What you will learn from this chapter excerpt: How DomainKeys authenticate e-mail and can help your organization avoid phishing.
In 2004, Yahoo! started signing all its outgoing e-mail with DomainKeys headers, and EarthLink is testing DomainKeys prior to deployment. DomainKeys is a Yahoo!-proposed system for verifying the domain of an e-mail sender. DomainKeys prevents forged e-mails from claiming to be from a domain it's not.
DomainKeys is an attempt to give e-mail providers a mechanism for verifying both the domain of the e-mail sender and the integrity of the messages sent. Once the domain can be verified, it can be compared to the domain used by the sender in the From: field of the message, to detect forgeries.
DomainKeys uses public key encryption technology at the domain level to verify the sender of e-mail messages. If it's a forgery, it can be dropped without impact to the user. If it's valid, the domain is known, so a persistent reputation profile can be established for that sending domain that can be tied into antispam policy systems, shared between service providers, and even exposed to the user.
Sending Domain-key e-mail: DomainKeys begins by performing a secure hash of the contents of a mail message using the SHA-1 algorithm, encrypting
the result using a private key with the RSA algorithm and then encoding the encrypted data using Base 64.
The resulting string is then added to the e-mail as the first SMTP header field with the key Domain-keys:, thereby adding a digital signature to the e-mail. It doesn't encrypt the actual message; it just adds a digital signature to the header.
Asymmetric (public) key encryption
Asymmetric (public) key encryption is a cryptographic system that employs two keys: a public key and a private key. The public key is made available to anyone wishing to send an encrypted message to an individual holding the corresponding private key of the public/private key pair. Any message encrypted with one of these keys can be decrypted with the other. The private key is always kept private. It should not be possible to derive the private key from the public key.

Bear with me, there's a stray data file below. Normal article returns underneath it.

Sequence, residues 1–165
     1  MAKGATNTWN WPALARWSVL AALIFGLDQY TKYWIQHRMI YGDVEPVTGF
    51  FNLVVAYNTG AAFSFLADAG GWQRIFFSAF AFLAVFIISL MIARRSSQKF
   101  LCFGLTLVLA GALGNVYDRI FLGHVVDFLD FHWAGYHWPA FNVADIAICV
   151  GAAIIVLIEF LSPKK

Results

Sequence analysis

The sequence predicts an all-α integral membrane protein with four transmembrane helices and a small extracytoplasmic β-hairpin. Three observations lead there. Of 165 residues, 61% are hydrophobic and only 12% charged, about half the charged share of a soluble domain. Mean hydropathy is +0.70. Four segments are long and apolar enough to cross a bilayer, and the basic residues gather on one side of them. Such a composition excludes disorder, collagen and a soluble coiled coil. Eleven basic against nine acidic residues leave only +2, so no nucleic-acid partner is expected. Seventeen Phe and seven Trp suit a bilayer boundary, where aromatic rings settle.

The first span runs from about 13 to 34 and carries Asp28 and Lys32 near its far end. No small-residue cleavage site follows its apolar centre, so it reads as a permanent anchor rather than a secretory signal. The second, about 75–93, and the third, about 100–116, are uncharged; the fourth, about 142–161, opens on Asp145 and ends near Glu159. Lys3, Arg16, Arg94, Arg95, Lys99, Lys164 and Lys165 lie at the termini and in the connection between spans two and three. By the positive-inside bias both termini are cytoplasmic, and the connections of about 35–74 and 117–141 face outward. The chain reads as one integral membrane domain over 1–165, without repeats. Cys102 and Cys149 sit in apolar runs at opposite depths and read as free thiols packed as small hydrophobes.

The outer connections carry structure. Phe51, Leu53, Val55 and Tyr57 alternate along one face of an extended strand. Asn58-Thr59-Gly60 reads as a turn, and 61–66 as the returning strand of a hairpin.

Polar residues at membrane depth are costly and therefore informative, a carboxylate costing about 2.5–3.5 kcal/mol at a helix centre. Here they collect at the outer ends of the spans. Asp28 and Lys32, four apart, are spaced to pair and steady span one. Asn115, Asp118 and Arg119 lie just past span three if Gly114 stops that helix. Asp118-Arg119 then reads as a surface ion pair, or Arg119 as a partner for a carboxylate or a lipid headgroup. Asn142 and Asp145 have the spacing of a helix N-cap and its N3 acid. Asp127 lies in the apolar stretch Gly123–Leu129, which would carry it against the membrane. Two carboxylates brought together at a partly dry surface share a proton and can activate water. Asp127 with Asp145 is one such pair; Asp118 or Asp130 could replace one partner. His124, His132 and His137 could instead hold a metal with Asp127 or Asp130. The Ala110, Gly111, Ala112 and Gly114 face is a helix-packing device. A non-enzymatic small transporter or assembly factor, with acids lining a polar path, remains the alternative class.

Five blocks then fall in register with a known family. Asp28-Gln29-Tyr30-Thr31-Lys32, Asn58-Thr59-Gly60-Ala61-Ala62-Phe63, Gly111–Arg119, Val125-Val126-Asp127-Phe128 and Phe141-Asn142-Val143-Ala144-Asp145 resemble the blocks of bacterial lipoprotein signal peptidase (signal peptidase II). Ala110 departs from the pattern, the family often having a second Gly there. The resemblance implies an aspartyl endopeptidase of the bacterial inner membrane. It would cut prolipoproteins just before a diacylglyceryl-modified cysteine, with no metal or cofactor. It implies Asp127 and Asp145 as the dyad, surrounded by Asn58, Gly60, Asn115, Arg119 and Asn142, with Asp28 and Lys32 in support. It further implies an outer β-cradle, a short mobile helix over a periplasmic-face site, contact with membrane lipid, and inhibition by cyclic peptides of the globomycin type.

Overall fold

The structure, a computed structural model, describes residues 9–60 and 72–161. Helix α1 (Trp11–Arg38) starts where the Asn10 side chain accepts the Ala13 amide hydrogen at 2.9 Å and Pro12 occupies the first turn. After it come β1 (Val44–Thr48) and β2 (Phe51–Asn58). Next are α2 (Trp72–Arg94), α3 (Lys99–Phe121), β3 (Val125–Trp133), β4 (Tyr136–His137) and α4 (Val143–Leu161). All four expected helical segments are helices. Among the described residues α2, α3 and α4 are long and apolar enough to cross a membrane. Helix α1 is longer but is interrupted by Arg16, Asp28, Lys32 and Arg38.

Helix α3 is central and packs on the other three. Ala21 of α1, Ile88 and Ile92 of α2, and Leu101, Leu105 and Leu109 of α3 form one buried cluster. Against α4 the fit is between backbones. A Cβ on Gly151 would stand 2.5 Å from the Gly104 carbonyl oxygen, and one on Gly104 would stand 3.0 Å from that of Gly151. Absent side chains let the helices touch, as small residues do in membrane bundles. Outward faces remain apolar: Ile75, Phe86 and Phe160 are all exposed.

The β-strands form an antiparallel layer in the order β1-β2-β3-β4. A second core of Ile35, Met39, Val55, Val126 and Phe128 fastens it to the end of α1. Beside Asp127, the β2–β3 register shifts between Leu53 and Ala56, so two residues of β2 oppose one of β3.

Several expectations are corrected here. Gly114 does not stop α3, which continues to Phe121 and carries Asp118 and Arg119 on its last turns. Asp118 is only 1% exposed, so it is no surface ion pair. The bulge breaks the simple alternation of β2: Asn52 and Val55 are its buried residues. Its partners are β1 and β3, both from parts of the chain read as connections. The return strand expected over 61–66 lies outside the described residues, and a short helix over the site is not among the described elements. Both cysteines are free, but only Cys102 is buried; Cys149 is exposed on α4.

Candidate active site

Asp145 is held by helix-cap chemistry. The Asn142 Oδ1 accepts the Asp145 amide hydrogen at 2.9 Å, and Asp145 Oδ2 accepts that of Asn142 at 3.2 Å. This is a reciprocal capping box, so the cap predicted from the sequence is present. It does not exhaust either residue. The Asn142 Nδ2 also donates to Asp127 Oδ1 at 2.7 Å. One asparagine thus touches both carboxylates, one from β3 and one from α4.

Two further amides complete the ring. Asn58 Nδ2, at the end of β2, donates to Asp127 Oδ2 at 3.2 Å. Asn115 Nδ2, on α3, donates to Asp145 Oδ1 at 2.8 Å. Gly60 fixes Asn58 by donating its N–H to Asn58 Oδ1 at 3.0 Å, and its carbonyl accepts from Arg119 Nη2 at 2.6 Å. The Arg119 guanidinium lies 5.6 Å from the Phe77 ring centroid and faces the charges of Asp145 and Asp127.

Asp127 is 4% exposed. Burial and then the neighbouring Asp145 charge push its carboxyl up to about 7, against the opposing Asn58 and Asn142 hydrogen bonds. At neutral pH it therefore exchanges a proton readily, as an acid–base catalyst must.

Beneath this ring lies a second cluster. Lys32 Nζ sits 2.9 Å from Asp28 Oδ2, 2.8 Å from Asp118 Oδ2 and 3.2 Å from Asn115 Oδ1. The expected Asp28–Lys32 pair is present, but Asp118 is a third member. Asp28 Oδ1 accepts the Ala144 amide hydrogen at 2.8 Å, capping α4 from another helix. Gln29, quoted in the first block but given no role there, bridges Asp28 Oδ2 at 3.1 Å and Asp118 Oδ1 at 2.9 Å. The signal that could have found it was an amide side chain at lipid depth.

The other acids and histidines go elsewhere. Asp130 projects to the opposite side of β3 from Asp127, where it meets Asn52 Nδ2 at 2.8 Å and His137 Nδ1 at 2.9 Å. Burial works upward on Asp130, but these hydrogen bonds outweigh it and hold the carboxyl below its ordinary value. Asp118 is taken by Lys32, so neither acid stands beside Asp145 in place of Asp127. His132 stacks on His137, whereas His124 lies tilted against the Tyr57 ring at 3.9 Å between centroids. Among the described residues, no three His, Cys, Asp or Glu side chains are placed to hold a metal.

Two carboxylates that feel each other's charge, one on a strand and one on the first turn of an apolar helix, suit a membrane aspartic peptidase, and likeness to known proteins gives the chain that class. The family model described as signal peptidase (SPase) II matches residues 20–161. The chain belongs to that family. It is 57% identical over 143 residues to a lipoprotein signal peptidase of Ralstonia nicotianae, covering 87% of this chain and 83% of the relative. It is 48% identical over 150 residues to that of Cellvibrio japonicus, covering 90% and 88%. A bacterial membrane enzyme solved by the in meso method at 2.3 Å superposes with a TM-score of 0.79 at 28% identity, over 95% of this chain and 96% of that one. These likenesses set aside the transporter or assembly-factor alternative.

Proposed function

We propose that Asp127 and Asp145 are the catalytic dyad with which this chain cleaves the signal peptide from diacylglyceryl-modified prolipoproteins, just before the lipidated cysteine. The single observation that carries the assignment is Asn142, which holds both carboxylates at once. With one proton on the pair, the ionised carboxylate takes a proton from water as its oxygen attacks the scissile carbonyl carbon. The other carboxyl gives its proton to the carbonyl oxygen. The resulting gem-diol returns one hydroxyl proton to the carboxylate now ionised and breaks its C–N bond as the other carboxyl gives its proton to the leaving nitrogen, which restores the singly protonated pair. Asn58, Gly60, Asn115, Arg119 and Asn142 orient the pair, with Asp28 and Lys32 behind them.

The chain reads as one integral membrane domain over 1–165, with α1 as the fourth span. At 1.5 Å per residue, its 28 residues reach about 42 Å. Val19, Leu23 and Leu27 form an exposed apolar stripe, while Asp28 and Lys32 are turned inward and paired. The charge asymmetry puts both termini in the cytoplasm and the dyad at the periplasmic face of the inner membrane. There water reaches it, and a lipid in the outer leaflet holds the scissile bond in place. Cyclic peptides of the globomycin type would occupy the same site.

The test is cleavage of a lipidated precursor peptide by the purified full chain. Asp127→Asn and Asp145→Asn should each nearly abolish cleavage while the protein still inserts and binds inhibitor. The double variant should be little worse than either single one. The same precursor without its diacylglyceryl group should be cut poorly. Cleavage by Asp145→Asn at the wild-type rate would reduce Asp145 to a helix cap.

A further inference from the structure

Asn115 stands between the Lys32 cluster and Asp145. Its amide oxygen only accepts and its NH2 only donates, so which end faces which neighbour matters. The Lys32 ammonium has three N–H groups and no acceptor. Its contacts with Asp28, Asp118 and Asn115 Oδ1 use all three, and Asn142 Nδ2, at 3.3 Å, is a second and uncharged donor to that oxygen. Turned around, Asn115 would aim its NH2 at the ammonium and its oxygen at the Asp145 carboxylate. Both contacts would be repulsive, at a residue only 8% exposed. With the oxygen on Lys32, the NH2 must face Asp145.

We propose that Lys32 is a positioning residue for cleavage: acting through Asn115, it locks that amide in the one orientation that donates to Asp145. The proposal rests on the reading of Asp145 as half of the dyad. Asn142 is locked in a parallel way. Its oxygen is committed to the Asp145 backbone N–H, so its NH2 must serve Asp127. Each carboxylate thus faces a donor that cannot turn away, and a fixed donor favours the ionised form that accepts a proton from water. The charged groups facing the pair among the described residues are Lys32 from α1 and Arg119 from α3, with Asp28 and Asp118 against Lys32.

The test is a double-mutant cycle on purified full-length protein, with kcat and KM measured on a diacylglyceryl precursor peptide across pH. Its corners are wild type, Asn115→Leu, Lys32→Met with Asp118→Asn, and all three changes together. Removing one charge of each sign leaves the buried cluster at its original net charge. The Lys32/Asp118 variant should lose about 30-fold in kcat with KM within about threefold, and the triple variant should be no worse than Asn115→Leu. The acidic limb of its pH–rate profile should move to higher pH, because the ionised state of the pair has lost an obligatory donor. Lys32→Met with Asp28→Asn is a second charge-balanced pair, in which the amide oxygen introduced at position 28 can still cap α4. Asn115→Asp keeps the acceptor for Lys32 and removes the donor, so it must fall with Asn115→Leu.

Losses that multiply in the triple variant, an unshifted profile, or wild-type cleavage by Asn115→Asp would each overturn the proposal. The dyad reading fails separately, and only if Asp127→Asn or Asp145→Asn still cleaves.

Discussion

The sending process is as follows:
- Setup: The owner of the e-mail-sending domain first generates a public/ private key pair to digitally sign all outbound e-mail. The private key is distributed to outbound e-mail servers and the public key is made available.
- Signing: After an e-mail is created, the server uses the stored private key to generate the digital signature, which is attached as an e-mail header and sent.
Receiving Domain-Key e-mail: The receiving server uses the name of the domain from which the mail originated to perform a DNS lookup, getting that domain's public key. The receiver then decrypts the hash value in the header field and recalculates the hash value for the mail body that was received. If the two values match, this proves to a very high degree of confidence that the mail did in fact originate at the purported domain and has not been tampered with in transit.
One advantage of using DomainKeys is that it doesn't require the cumbersome signing of the public key by a certificate authority (CA). DomainKeys allows for multiple public keys to be published in DNS at the same time, thereby allowing companies to use different key pairs for the various mail servers they run. It's also easy to revoke, replace or expire keys at a company's convenience, permitting the domain owner to revoke a public key and shift to a new key pair at any time.
Yahoo hopes that DomainKeys will help stop spam by:
- Allowing receiving companies to drop or quarantine unsigned e-mail that comes from domains known to always sign their e-mails with DomainKeys.
- Allowing e-mail service providers to begin to build reputation databases that can be shared with the community and applied to spam policy.
- Allowing server-level traceability by eliminating forged From: addresses.
- Allowing abusive domain owners to be tracked more easily. Spammers will be forced to only spam companies that aren't using verification solutions.
The absence of a verifiable digital signature header in an e-mail claiming to be from a domain that has a DomainKeys DNS record is likely to be seen as proof that the e-mail is a forgery.
DomainKeys is expected to help fight phishing by positively identifying the e-mail's originating domain and identifying forged e-mails more quickly. In addition, the DomainKeys domain owner may realize a big reduction in e-mail abuse complaints. DomainKeys has been designed to be compatible with most of the proposed extensions to e-mail.
The following issues may crop up with DomainKeys, however:
- Spoofing: If the key-pair authentication is somehow spoofed, the e-mail easily bypasses the filters. A second level of filtering is still required.
- Forwarding: Mail is often forwarded by various servers outside the control of the sending party. If the message is modified by a server in transit, the digital signature will no longer be valid and the e-mail will be rejected.
- Overhead: Older, slower mail servers may have a problem with the computational overhead added by generating the cryptographic checksums. This really isn't much of a problem, though, because it's probably only around 10%.
The Sender Policy Framework (SPF)
Cisco Identified Internet Mail
| PHISHING: CUTTING THE
IDENTITY THEFT LINE
By Rachael Lininger and Russel Dean Vines
334 pages; $29.99
John Wiley & Sons
Read Chapter 6, Helping your organization avoid phishing
This was first published in May 2005